In a rather imaginative assessment of the Civil War during an interview with Salena Zito of the Washington Examiner, President Trump called Andrew Jackson a “swashbuckler” who could have avoided the American Civil War. Putting aside Trump’s grasp of American history, let’s get a firmer grasp on the history of his colorful word, swashbuckler.
The word swashbuckler starts blustering in English in the mid-1500s. It’s a compound of swash, “to make a noise like clashing swords” and buckler, “a small, round shield.” So, swashbucklers are literally “ones who make noise by striking their swords on the their own or their opponents’ shields,” a vivid depiction of a “swaggering ruffian,” later extended to “flamboyant adventurer” and often now associated with pirates.
Swash itself is probably imitative in origin. Its earliest record is as a noun in the 1520s, when it referred, not so boastfully, to “wet refuse” like “pigswill” or “hogwash,” originally kitchen slop fed to pigs. A few decades later, swash was describing “the sound of a heavy blow” and by the 1670s, swash specifically characterized the “sound of dashing water.” The original sense of swash, then, seems to echo the slopping and splashing of water against hard objects, maybe even the swash of pigswill as its dumped into a trough. In the mid-1500s, when it was joined with buckler, the verbal swash also made metaphorical noise as “bluster” or “swagger”—the latter word likely being a frequentative of swag, “to sway,” as a bumptious swordsman might do his weapon, and which comes from a Scandinavian verb that etymologist Walter Skeat thinks may have influenced swash.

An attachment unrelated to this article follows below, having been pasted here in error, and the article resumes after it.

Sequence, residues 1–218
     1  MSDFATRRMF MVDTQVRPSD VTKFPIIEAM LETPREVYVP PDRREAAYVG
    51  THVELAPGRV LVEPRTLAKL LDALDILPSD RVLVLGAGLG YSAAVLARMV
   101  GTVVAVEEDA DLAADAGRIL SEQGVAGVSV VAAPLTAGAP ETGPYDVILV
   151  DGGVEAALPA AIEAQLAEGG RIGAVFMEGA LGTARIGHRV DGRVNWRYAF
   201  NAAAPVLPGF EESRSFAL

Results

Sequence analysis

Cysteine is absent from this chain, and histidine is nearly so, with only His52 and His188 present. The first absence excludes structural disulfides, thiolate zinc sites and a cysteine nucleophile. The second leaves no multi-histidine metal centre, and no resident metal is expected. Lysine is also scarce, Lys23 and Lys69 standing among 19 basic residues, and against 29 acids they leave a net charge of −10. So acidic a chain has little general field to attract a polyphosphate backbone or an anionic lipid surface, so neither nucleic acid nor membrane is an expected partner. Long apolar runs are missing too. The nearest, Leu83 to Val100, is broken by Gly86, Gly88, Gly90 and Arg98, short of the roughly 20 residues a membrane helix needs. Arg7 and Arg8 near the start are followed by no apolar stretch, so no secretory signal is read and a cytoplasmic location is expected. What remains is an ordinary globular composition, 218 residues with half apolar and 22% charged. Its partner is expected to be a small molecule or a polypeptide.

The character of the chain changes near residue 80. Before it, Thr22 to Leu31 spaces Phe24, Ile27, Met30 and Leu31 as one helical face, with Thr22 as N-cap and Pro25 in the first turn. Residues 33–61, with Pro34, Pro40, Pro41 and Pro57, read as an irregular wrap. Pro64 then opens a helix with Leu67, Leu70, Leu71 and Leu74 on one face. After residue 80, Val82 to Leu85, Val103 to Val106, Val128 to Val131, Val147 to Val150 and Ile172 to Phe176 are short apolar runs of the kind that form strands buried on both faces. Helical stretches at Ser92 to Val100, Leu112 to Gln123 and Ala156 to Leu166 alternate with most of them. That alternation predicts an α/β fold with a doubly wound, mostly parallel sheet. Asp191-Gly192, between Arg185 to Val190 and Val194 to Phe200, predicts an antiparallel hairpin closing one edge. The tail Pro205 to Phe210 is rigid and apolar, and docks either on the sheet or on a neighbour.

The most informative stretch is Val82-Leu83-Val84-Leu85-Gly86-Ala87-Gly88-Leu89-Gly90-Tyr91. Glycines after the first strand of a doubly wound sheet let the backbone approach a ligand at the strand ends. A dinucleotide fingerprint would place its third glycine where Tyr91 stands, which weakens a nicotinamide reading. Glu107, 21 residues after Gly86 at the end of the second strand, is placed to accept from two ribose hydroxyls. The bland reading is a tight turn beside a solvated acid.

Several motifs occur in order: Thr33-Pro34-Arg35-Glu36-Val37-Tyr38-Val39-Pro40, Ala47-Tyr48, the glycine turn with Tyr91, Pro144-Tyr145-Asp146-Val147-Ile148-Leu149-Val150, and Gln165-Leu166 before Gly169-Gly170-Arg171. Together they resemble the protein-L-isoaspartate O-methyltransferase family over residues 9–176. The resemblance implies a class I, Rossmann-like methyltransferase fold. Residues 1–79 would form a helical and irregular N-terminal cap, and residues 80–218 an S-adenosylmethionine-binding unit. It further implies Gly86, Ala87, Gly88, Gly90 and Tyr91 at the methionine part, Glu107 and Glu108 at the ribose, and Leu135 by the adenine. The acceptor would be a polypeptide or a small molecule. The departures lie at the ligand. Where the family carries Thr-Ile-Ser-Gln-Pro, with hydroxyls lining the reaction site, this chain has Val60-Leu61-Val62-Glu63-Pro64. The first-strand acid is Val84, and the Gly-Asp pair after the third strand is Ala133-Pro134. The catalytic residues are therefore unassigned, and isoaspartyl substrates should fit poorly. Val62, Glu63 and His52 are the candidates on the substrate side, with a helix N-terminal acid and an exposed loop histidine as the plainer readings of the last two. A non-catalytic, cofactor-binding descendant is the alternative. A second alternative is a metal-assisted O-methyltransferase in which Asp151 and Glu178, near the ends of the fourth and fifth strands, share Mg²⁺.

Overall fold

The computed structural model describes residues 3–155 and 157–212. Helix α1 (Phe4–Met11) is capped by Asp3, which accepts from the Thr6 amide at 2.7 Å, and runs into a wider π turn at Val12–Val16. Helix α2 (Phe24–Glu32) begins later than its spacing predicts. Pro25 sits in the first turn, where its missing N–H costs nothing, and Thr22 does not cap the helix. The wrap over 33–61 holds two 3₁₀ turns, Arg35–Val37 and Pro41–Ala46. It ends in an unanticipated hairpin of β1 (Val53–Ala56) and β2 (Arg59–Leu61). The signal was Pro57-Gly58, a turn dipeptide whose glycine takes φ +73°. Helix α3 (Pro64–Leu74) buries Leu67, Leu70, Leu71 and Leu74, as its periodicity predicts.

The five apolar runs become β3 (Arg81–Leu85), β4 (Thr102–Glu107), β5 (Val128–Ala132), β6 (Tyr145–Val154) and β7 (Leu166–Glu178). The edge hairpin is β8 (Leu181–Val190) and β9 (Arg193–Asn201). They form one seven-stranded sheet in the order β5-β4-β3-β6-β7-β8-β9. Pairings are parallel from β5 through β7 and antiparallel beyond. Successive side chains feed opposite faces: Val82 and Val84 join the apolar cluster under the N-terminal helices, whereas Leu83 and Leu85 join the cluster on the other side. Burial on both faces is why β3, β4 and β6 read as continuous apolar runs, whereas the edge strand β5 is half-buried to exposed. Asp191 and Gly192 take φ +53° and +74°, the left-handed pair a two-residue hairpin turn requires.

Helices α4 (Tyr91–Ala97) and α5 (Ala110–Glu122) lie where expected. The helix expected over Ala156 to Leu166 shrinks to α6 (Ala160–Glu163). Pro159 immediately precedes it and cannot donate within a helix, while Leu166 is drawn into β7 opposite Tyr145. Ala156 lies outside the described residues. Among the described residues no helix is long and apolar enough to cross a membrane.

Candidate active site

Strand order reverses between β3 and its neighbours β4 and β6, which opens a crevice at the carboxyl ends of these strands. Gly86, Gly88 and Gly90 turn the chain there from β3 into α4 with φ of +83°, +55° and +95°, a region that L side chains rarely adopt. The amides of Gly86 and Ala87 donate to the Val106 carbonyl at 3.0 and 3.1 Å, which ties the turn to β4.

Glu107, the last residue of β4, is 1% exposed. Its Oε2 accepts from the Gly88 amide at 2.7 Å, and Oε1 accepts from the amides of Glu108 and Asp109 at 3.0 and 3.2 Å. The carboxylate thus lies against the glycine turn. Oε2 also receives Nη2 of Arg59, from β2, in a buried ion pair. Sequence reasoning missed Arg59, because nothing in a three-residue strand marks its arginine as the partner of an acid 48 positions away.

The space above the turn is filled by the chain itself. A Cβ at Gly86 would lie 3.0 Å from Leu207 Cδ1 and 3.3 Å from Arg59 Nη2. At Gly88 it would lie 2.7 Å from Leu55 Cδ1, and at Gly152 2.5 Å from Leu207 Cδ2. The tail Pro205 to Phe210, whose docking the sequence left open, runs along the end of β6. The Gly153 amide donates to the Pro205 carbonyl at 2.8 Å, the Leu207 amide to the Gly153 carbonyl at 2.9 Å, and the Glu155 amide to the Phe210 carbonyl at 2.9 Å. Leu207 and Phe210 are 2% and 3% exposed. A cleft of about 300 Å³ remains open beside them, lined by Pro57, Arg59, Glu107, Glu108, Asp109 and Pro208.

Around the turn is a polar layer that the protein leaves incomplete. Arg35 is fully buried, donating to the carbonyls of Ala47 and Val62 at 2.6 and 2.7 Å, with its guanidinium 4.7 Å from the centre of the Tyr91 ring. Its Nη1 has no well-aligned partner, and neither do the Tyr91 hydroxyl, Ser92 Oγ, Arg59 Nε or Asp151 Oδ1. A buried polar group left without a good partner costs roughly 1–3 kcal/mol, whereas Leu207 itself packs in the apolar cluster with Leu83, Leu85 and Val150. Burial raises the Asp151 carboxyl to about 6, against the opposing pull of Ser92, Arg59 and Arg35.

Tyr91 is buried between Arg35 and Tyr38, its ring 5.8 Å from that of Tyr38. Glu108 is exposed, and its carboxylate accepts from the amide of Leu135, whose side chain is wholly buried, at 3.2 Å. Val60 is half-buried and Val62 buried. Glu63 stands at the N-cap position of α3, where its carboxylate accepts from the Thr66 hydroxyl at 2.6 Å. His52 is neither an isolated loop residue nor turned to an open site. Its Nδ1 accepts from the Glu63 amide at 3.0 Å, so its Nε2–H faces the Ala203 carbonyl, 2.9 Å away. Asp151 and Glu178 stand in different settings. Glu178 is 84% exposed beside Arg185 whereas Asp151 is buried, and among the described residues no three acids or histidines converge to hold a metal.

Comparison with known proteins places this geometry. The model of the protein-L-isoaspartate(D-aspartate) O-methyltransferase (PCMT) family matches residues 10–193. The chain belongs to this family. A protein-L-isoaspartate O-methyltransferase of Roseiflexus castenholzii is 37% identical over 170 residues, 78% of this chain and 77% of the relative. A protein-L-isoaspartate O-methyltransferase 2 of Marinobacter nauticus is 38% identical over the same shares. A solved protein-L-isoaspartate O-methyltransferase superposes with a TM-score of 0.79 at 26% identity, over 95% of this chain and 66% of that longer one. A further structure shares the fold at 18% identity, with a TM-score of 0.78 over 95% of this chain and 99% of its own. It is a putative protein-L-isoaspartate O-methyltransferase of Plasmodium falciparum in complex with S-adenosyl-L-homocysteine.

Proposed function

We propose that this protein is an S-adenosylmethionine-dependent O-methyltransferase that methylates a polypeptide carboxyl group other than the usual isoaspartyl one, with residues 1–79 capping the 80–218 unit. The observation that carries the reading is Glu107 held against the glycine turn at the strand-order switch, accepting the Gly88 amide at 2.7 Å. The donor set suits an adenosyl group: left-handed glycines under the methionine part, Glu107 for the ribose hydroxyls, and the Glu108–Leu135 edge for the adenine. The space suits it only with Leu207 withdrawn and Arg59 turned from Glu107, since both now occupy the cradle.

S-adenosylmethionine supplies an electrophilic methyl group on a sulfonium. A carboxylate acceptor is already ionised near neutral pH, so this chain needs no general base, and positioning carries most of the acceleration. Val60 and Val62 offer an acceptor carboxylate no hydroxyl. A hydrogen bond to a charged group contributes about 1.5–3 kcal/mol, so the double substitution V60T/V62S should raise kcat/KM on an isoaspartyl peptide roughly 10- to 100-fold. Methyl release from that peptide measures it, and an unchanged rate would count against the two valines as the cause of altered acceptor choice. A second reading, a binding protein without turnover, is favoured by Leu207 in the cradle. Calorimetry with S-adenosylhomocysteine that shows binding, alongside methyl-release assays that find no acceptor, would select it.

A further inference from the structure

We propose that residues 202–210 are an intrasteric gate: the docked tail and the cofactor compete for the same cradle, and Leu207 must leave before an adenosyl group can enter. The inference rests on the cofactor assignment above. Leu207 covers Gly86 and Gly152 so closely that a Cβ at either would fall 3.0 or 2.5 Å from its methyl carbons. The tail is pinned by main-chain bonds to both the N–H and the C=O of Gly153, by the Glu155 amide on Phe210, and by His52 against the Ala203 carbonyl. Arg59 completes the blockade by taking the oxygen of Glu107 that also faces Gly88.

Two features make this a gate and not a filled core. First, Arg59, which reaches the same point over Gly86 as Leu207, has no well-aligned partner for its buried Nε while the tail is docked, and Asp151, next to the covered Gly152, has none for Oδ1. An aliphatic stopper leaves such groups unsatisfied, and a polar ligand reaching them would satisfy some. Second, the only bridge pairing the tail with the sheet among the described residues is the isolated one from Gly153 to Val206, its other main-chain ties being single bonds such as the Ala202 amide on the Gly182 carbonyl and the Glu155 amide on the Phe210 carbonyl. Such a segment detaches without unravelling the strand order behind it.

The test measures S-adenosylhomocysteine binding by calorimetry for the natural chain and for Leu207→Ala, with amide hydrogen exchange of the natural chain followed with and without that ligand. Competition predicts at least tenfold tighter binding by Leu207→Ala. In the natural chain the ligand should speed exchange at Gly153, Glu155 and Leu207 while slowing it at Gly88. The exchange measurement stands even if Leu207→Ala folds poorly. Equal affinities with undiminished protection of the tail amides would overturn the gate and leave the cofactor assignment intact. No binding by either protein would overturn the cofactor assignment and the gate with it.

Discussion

A buckler, attested in the early 1300s, was typically a handheld shield used to ward off blows. It comes, via Old French, from the Latin *bucculārius, “having a boss,” which is the round part in the center of a shield. *Bucculārius, in turn, comes form buccula, literally a “little cheek,” with buccula the diminutive form of bucca, “cheek.” In Latin, buccula named a “cheek strap for a helmet” or “the boss of shield,” whose knobby shape was thought to resemble a puffy cheek. Buccula also yields buckle, like a belt buckle, the form of shield bosses likened to the metal rings, metal rings transferred to the various clasps we fasten as buckles.
So, etymologically, can we understand swashbuckler as “cheeky hogwash”? That would be a stretch—but perhaps an too fitting description for Trump’s unusual “swashbuckling” take on the Civil War.